Invertebrate Democrats and “Warrantless Wiretapping”

As the details of precisely what the "Protect America Act of 2007" contains start to be analyzed, it’s pretty clear that Congress ought to be ashamed of itself.  Moving beyond the Newspeak name of the bill itself, it’s pretty clear that this law violates the Fourth Amendment. 

Marty Lederman, writing at Balkinization, analyzes the key ambiguities in the Senate version of the bill:

The key provision of S.1927 is new section 105A of FISA (see page 2), which categorically excludes from FISA’s requirements any and all "surveillance directed at a person reasonably believed to be located outside of the United States."

For surveillance to come within this exemption, there is no requirement that it be conducted outside the U.S.;no requirement that the person at whom it is "directed" be an agent of a foreign power or in any way connected to terrorism or other wrongdoing; and no requirement that the surveillance does not also encompass communications of U.S. persons. Indeed, if read literally, it would exclude from FISA any surveillance that is in some sense "directed" both at persons overseas and at persons in the U.S.

There are many aspects of electronic surveillance which present serious constitutional "grey" areas, and as a society we haven’t even begun to discuss these issues seriously.  But one issue is not grey, and I highlighted it in bold in Lederman’s analysis.  The Fourth Amendment requires that people (by which we can read "citizen" or "legal resident" although it’s not clear whether the Founders wished that distinction to be made) be immune from search (which now includes electronic search or surveillance) without a due process requirement that demonstrates the "reasonableness" of the search, which hundreds of years of Anglo-American legal tradition, American constitutional law, Congressional and state statute, and Federal case law says means probable cause, judicial consideration and issuance of warrants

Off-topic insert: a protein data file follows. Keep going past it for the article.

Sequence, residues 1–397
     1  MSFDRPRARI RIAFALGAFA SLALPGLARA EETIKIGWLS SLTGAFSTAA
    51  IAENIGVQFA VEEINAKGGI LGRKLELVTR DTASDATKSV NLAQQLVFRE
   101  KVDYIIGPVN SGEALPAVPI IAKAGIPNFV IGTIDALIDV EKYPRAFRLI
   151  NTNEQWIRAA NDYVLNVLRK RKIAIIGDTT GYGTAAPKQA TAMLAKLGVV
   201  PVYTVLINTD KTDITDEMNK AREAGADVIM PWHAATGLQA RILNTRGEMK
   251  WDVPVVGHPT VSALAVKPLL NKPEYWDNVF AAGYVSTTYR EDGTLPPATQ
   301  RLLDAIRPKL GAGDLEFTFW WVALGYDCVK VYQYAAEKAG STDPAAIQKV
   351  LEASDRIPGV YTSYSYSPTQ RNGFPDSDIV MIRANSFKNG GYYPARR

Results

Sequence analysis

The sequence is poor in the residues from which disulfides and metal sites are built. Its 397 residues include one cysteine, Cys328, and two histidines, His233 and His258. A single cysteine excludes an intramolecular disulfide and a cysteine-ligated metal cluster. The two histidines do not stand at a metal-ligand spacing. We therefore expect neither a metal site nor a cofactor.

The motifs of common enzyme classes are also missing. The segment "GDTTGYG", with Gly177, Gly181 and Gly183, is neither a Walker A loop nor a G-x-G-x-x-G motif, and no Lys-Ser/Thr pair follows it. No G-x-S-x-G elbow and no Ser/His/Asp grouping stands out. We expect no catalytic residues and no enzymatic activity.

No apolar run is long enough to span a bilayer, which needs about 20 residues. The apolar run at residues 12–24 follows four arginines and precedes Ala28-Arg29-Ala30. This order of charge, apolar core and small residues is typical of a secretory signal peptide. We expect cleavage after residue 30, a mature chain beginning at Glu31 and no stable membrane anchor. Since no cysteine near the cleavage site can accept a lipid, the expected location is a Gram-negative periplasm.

Congress, in its second most spineless act in quite awhile (the Military Commissions Act and restriction of habeas corpus was worse), has ratified the Administration’s previous warrantless wrongdoings and gutted the Fourth Amendment in a wide variety of situations.  So why did a Congress cut the Judicial Branch out of the loop and give the Executive Branch the power not only to legally conduct surveillance on U.S. citizens, but also to be the arbiter of when it was acceptable to conduct such surveillance?

My guess is that Congress has shown yet again that the "potential attack on American soil" trump card works every time:  no rational discussion of threats and potential courses of action is possible when the opposing side can shout you down with the simple mention of 9/11.  The major challenge we face in American politics today is getting beyond sloganeering so we can have a rational national discussion about how we are conducting the defense of the Republic against criminal and military threats we face.  Congress will not do this by itself:  right now the 16 Democrats in the Senate (and others in the House) that voted for this unconstitutional bill likely did so because they’re afraid for their re-election prospects if they don’t vote to give the President every power he asks for, should something happen.